In the absence of an IBAN it remains necessary to use the current ISO 9362 Bank Identifier Code system (BIC or SWIFT code) in conjunction with the BBAN.

Banks in the United States do not provide IBAN format account numbers. Any adoption of the IBAN standard by U.S. banks would likely be initiated by ANSI ASC X9, the U.S. financial services standards development organization but to date it has not done so. Hence payments to U.S. bank accounts from outside the U.S. are prone to errors of routing.

Canadian financial institutions have not adopted IBAN and use bank transit numbers issued by the Canadian Payments Association for transferring funds within Canada and SWIFT for international transfers. There is no formal governmental or private sector regulatory requirement in Canada for the major banks to use IBAN.

Banks in Australia and New Zealand have not adopted IBAN, and tend to use Bank State Branch codes for domestic transfers and SWIFT for international.

IBAN Validation

One of the design aims of the IBAN was to enable as much validation as possible to be done at the point of data entry. In particular, the computer program that accepts an IBAN will be able to validate:

  • Is the country code valid?
  • Do the number of characters in the IBAN correspond to the number specified for this country?
  • Does the BBAN format follow the format specified for this country?
  • Is the account number, bank code and country code combination compatible with the check digits?

The check digits are calculated in accordance with ISO/IEC 7064:2002 which specifies a set of check character systems capable of protecting strings against errors which occur when people copy or key data. In particular, the standard enables the following errors to be trapped

  • all single substitution errors (the substitution of a single character for another, for example 4234 for 1234); The IBAN check digits satisfy this condition fully.
  • all or nearly all single (local) transposition errors (the transposition of two single characters, either adjacent or with one character between them, for example 12354 or 12543 for 12345). The IBAN check digits trap all such errors.
  • all or nearly all shift errors (shifts of the whole string to the left or right); These errors will be trapped by the computer program as they will result in an incorrect format.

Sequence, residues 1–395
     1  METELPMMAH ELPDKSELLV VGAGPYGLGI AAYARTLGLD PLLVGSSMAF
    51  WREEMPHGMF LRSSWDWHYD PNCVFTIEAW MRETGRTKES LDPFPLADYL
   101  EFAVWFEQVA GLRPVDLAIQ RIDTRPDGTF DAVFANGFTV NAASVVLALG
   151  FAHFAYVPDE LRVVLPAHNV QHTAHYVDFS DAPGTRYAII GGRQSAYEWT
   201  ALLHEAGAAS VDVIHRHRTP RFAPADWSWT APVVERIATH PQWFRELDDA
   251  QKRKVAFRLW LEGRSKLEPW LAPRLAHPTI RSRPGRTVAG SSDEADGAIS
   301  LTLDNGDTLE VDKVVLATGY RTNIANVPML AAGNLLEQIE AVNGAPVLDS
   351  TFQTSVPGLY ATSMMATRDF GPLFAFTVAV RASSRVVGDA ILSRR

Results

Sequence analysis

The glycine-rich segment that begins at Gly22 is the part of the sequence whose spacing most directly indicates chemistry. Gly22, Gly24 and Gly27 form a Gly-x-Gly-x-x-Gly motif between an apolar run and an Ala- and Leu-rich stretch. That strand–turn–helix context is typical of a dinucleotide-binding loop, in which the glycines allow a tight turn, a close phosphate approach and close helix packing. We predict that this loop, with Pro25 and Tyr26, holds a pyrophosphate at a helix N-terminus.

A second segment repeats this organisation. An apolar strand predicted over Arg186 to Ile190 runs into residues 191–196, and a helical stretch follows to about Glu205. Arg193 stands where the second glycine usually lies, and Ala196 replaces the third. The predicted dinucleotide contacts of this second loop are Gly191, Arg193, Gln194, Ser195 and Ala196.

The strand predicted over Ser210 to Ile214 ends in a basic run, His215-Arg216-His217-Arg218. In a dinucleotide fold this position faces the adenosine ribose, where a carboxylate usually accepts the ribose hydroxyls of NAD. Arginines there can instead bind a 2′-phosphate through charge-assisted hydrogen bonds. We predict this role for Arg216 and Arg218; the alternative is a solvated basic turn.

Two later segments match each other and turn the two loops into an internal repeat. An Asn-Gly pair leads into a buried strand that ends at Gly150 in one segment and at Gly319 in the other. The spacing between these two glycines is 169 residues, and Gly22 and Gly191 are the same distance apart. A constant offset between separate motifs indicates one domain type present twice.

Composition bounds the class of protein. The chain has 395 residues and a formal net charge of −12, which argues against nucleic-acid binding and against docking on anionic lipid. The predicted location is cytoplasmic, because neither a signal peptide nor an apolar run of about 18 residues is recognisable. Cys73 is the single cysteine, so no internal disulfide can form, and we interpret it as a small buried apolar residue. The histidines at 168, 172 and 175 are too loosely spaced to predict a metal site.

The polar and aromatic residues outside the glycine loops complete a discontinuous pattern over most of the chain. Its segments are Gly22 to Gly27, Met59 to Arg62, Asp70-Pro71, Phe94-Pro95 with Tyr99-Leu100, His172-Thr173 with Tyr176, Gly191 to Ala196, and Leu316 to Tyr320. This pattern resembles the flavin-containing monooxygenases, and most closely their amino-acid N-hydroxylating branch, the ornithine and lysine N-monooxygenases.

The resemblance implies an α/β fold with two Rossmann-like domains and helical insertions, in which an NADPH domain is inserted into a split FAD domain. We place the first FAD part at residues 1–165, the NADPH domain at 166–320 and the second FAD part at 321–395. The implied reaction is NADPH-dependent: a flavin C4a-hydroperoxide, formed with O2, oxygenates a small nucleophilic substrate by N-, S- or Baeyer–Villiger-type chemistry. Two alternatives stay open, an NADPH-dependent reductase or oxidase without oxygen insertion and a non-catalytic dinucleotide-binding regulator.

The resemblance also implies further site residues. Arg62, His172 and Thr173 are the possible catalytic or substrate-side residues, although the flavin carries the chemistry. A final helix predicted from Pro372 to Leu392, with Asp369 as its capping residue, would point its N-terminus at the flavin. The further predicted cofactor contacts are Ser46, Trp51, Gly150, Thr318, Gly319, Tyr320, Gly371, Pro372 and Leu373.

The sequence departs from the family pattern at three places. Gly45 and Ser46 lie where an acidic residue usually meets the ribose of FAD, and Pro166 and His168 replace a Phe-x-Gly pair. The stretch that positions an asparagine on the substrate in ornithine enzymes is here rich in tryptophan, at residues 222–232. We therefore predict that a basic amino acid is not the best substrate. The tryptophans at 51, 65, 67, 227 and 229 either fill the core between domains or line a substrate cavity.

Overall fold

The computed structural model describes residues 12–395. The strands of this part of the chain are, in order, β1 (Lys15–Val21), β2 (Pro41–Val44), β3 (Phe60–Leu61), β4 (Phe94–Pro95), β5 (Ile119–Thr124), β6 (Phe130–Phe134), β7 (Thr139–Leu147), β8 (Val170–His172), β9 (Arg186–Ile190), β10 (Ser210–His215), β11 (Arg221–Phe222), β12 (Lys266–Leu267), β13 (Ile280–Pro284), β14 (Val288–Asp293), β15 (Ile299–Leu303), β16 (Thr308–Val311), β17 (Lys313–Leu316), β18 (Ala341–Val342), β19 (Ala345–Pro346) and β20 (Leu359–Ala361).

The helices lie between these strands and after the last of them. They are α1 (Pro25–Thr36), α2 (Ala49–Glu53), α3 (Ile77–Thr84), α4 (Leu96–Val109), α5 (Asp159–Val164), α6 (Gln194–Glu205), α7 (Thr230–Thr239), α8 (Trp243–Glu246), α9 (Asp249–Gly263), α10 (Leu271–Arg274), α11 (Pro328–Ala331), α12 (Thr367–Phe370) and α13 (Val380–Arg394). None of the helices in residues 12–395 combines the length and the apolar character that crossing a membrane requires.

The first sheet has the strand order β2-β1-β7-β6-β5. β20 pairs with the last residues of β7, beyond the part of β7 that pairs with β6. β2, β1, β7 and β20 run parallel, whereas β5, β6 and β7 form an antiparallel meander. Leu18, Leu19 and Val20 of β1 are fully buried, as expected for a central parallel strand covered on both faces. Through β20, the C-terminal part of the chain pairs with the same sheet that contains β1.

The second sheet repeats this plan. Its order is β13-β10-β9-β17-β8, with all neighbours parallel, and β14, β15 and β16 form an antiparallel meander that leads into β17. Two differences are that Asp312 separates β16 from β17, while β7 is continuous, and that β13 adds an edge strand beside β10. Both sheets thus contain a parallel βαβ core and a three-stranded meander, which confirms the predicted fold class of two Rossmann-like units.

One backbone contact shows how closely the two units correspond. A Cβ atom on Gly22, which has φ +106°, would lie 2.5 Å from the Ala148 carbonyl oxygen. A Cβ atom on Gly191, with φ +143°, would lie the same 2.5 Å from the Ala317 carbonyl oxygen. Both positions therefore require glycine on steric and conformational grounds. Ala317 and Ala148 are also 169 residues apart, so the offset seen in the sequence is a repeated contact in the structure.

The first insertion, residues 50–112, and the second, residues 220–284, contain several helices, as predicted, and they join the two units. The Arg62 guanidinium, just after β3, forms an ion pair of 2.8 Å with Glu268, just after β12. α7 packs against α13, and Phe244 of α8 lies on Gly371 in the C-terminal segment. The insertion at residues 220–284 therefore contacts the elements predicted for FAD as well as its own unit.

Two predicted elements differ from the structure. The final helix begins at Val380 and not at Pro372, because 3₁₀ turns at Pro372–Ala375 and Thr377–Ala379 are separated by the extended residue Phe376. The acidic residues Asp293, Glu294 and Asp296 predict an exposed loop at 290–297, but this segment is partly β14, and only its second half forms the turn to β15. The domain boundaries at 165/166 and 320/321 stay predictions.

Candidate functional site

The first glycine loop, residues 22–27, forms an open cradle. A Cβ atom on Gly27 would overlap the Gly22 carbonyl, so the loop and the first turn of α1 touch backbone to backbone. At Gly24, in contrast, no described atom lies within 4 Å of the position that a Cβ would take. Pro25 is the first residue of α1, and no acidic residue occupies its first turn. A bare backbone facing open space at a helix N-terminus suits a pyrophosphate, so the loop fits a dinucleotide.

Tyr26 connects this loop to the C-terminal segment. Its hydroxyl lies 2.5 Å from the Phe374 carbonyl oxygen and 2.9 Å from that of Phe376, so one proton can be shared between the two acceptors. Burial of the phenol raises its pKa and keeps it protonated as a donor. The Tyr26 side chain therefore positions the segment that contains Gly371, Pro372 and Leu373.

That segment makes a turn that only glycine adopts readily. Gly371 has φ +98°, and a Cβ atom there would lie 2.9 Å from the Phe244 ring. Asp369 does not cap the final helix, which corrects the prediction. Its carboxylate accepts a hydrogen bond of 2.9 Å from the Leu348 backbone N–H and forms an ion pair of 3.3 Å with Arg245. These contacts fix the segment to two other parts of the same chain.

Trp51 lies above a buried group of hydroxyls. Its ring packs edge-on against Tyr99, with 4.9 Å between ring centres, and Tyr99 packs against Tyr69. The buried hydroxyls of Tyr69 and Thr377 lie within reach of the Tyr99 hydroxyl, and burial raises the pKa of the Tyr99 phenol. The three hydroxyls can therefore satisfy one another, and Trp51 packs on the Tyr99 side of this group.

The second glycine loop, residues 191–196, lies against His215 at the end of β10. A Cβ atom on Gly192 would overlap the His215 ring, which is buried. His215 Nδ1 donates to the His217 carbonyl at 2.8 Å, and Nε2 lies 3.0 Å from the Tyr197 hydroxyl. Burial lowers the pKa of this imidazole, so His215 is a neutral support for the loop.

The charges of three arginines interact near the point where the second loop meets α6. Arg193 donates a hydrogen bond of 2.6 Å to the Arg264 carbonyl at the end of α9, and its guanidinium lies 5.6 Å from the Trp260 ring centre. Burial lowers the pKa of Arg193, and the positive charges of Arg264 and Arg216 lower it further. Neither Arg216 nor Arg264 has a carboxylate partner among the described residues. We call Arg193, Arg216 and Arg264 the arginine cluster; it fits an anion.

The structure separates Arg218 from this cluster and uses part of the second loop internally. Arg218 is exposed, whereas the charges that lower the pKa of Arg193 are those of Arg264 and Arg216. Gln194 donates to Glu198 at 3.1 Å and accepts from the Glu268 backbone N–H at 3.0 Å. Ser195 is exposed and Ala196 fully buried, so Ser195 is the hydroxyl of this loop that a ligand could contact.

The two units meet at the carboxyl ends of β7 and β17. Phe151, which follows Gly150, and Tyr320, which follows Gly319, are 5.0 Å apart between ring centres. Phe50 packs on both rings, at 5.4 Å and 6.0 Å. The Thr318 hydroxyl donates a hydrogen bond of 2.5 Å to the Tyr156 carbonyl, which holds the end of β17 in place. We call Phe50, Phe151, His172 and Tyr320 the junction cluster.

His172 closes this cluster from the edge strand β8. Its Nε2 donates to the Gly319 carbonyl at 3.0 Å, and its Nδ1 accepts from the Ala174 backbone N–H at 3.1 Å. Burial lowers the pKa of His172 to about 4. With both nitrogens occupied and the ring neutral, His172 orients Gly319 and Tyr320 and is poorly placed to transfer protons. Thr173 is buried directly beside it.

• a high proportion of double substitution errors (two separate single substitution errors in the same string, for example 7234587 for 1234567); The IBAN check digits will trap 96 out of 97 such errors.
  • a high proportion of all other errors. The IBAN check digits will trap 96 out of 97 such errors.


О стандарте IBAN

IBAN (англ. International Bank Account Number), стандарт № 13616 Международной организации по стандартизации ИСО (ISO, International Organization for Standardization) и Европейского комитета по банковским стандартам ECBS, European Committee for Banking Standards — международный номер банковского счёта.


Введение кода IBAN было изначально предназначено для стандартизации межбанковских расчетов на территории Европейского союза, но сейчас он применяется и в других странах мира. Его использование позволяет ускорить и удешевить межбанковские платежи (перевод денег из одной страны Евросоюза в другую с использованием кода IBAN стоит столько же, сколько и перевод внутри страны). Также идет процесс интеграции в систему расчетов с использованием кода IBAN американской системы межбанковских расчетов.


Формат кода IBAN включает

  • 1-2 символ – код страны, где находится банк получателя (в соответствии со стандартом ISO 3166-1 alpha-2)
  • 3-4 символ - контрольное уникальное число IBAN, рассчитываемое по стандарту (ISO 7064)
  • 5-34 символ – внутригосударственный номер счета, включающий как сам номер счета, так и признак банка получателя (в том числе код филиала банка).

Длина IBAN не может превышать 34 знака.


В настоящее время платежи с использованием кода IBAN (по состоянию на 1.07.2008 - в 47 странах) осуществляются между Андоррой, Австрией, Бельгией, Боснией и Герцеговиной, Болгарией, Великобританией, Венгрией, Германией, Гибралтаром, Гренландией, Грецией, Данией, Израилем, Ирландией, Исландией, Испанией, Италией, Кипром, Латвией, Литвой, Лихтенштейном, Люксембургом, Маврикием, Македонией, Мальтой, Монако, Нидерландами, Норвегией, Польшей, Португалией, Румынией, Саудовской Аравией, Сан-Марино, Сербией, Словакией, Словенией, Тунисом, Турцией, Фарерскими островами, Финляндией, Францией, Хорватией, Черногорией, Чехией, Швейцарией, Швецией, Эстонией.

03 мая 2010 года к системе IBAN присоединилась Грузия. C 7 июня 2010 IBAN стал обязательным к применению во внутренних и международных расчетах и в Казахстане.